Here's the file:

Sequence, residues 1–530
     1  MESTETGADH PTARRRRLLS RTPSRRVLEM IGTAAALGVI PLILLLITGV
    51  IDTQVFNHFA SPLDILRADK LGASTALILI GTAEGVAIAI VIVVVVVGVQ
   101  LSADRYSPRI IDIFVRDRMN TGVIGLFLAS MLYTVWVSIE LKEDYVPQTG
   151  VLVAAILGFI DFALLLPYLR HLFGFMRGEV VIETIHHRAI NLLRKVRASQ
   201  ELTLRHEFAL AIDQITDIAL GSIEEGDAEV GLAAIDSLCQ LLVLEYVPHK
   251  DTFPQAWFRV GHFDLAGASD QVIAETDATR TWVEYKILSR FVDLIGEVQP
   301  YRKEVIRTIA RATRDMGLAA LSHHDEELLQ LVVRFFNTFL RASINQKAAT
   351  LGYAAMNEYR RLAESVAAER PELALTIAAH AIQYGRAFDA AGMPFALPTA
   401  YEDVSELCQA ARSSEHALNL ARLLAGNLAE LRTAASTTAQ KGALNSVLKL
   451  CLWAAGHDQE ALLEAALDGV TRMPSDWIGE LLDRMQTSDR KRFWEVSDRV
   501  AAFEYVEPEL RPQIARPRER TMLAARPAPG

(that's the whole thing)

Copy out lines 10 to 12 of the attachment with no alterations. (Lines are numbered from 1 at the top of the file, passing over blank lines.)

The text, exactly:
   401  YEDVSELCQA ARSSEHALNL ARLLAGNLAE LRTAASTTAQ KGALNSVLKL
   451  CLWAAGHDQE ALLEAALDGV TRMPSDWIGE LLDRMQTSDR KRFWEVSDRV
   501  AAFEYVEPEL RPQIARPRER TMLAARPAPG